So now, “the vast majority” of the killing that Davenport & Stam specifically attributed to Hutu Power forces is thrown up for grabs. Herman & Peterson can seize upon Davenport & Stam’s finding that “when the RPF advanced, large-scale killings escalated. When the RPF stopped, large-scale killings largely decreased” to contend that this shows RPF forces were “the initiators and the main perpetrators of 1994’s mass blood-letting.” Davenport & Stam’s framing in fact fits with a picture of Hutu Power agents lashing out genocidally at Tusis, in spasms that correlate with RPF advances. There is a certain logic to that — panic and insecurity are frequently spurs to more frenzied killing — but there is no other evidence for it that I am aware of, and in any case Herman & Peterson’s “logic” is entirely different. They point out in their attack on me that in The Politics of Genocide, they do indeed note the incongruence between their arguments and Davenport & Stam’s findings. But they word it as follows: “Davenport and Stam fail to draw the most important conclusion from their superb work …” They don’t fail to draw the important conclusion; they draw the exactly opposite important conclusion. Davenport & Stam, apparently, are “superb” and credible authorities when their findings are convenient. When they are inconvenient, they must be ruled out as “problematic” or “fail[ing],” and replaced by rickety fabrications of Herman & Peterson’s own, mercifully unique devising.

It is perfectly legitimate, and important, to highlight these aspects of the Kagame regime, and to explore relatively understudied elements of the Rwandan genocide, its aftermath, and the wars and genocides in D.R. Congo. That inquiry is in fact well advanced, conducted by scholars with deep knowledge and an abiding understanding of Rwanda and the Great Lakes region. The long-overdue United Nations report leaked in August 2010, documenting in detail the Rwandan army’s role in genocidal atrocities against Hutus in Congo during the 1996 “clearing of the camps” and after, is clearly a watershed that no scholar or student of the region — and no analyst of Rwanda and the RPF — will be able to ignore.

It remains, nonetheless, malicious and profoundly illegitimate to deny the systematic genocidal killing of Tutsis in Rwanda, by diverse institutional agents of “Hutu Power,” from April to July 1994. Such brazen denialism is what Herman & Peterson have propounded, online and in The Politics of Genocide. In Herman’s case, this besmirches an often honorable career on the progressive left, though the decline was already well advanced — he has gained notoriety in recent years for efforts to obscure and deny the Srebrenica massacre in Bosnia, among other inexplicably reactionary campaigns.[5]”

Read Marko’s post on The bizarre world of genocide denial.

Update 1: Martin Shaw has also pointed out the inadequacies of The Politics of Genocide book and its endorsement by Noam Chomsky:

“All this is also welcome fuel for a determined group of Rwanda genocide-deniers. A new book by Edward S Herman and David Peterson focusing on the use of the term “genocide” in the media and academia – The Politics of Genocide (Monthly Review Press, 2010) – argues that the western establishment has “swallowed a propaganda line on Rwanda that turned perpetrator and victim upside-down” (p.51); the RPF not only killed Hutus, but were the “prime génocidaires” (p.54); there was “large-scale killing and ethnic cleansing of Hutus by the RPF long before the April-July 1994 period (p.53); this contributed to a result in which “the majority of victims were likely Hutu and not Tutsi” (quoted with approval, p.58).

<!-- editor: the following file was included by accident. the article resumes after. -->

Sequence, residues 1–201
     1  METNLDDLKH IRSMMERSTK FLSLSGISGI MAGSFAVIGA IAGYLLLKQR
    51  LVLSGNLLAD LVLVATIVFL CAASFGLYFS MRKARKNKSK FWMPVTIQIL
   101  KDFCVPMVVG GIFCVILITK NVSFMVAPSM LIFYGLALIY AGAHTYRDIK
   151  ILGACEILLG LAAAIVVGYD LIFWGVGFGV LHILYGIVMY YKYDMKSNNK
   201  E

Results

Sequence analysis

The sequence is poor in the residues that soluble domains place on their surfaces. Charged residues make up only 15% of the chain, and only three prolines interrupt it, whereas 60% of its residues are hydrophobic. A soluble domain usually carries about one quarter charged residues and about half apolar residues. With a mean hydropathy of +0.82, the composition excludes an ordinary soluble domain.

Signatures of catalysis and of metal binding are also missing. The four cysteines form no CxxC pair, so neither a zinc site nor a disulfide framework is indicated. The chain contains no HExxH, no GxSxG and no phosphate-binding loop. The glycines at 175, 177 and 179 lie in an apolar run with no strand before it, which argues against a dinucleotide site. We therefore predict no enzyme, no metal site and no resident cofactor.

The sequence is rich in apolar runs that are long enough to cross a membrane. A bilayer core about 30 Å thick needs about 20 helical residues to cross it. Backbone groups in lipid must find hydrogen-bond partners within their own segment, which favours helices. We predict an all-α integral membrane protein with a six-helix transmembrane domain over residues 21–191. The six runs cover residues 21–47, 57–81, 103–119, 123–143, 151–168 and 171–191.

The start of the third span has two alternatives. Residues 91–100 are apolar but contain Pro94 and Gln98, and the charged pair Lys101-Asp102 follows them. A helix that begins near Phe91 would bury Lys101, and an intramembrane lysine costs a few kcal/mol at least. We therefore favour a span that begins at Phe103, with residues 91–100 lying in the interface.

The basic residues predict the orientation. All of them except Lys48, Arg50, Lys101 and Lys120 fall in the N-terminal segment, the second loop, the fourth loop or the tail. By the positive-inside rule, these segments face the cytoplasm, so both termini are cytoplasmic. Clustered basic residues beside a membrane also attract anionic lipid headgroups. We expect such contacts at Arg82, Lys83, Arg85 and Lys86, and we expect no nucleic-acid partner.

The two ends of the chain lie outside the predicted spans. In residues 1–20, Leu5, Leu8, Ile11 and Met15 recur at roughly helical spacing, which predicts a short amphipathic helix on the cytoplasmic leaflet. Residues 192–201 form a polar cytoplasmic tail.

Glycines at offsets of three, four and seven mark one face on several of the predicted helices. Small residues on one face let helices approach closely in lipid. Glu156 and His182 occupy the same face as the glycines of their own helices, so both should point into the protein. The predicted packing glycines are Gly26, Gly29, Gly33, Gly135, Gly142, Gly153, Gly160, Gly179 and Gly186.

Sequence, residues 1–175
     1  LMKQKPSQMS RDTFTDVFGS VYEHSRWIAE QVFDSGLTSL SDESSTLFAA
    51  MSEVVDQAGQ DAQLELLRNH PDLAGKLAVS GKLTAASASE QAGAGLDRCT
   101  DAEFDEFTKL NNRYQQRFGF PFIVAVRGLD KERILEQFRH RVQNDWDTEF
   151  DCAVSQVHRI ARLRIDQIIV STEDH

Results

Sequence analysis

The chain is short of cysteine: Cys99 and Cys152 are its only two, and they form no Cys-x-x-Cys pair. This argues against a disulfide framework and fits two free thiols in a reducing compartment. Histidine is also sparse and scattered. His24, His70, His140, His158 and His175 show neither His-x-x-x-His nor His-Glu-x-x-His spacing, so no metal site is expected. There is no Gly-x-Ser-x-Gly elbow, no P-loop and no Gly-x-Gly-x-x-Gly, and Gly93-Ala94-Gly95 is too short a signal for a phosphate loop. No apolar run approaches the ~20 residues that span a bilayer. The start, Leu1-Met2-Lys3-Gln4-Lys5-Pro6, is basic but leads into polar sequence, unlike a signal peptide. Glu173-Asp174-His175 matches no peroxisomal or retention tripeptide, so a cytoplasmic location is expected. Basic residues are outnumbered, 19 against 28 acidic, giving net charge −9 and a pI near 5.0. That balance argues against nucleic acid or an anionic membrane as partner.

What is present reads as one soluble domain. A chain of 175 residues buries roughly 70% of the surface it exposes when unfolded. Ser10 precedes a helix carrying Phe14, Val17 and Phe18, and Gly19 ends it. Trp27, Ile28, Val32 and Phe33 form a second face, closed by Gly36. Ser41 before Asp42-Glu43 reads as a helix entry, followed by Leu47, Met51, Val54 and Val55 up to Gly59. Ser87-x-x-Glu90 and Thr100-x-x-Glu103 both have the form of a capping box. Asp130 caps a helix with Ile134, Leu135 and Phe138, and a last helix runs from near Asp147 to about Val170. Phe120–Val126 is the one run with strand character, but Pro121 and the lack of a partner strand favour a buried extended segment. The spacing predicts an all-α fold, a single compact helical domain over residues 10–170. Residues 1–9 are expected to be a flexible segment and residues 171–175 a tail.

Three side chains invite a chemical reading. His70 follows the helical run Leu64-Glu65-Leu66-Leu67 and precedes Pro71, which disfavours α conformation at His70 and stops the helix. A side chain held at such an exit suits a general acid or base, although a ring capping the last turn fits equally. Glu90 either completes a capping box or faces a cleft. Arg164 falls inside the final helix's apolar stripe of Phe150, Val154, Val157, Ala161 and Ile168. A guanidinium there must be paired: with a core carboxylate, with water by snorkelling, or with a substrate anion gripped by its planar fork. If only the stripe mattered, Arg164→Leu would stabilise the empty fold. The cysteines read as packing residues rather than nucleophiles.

Herman and Peterson state that “a number of observers as well as participants in the events of 1994 claim that the great majority of deaths were Hutu, with some estimates as high as two million” (p.58). But a check of the reference for this shocking statement finds no more than a letter from a former RPF military officer and personal communications from a former defence council before the International Criminal Tribunal for Rwanda (n.127, p.132) – both participants rather than “observers”. That is enough for these authors to dismiss the idea of “800,000 or more largely Tutsi deaths” as RPF and western propaganda (see Adam Jones, “On Genocide Deniers – Challenging Herman and Peterson”, 16 July 2010).”

Update 2: Returning to Marko’s comments on David.N Gibbs’ book:

Consequently, it has been with a certain inner groaning that I’ve become aware of the latest regurgitations of the old denialist narrative. One such regurgitation is David N. Gibbs, First Do No Harm: Humanitarian Intervention and the Destruction of Yugoslavia (Vanderbilt University Press, Nashville, 2009). To give a foretaste of what you can expect of this book, Gibbs has this to say about the Srebrenica massacre: ‘Certainly, the murder of eight thousand people is a grave crime, but to call it “genocide” needlessly exaggerates the scale of the crime.’ (p. 281).

Needless to say, Gibbs has no academic expertise on the former Yugoslavia or the Balkans and does not read Serbo-Croat. He hasn’t bothered to engage with the existing literature, but simply ignored all the existing works that undermine his thesis. He has not tackled the evidence presented by Daniele Conversi, myself and others, that the Milosevic regime and the Yugoslav People’s Army deliberately engineered the break-up of Yugoslavia; or the work of Michael Libal and Richard Caplan, exploding the myth that Germany encouraged Croatia to secede from Yugoslavia; or the work of Brendan Simms, demonstrating that Britain’s intervention in Bosnia actually shielded Karadzic’s Serb forces from hostile international intervention. Instead, Gibbs has cherry-picked a few odds and ends in order to present the same old revisionist story, only with a larger number of endnotes than the previous versions written by Diana Johnstone, Michael Parenti et al. Yet he must know very well that his book will not survive a critical review by a genuine specialist in the field, that it will be ignored by all serious scholars and that it will serve only to confirm the views of the small, dwindling minority already committed to the revisionist narrative.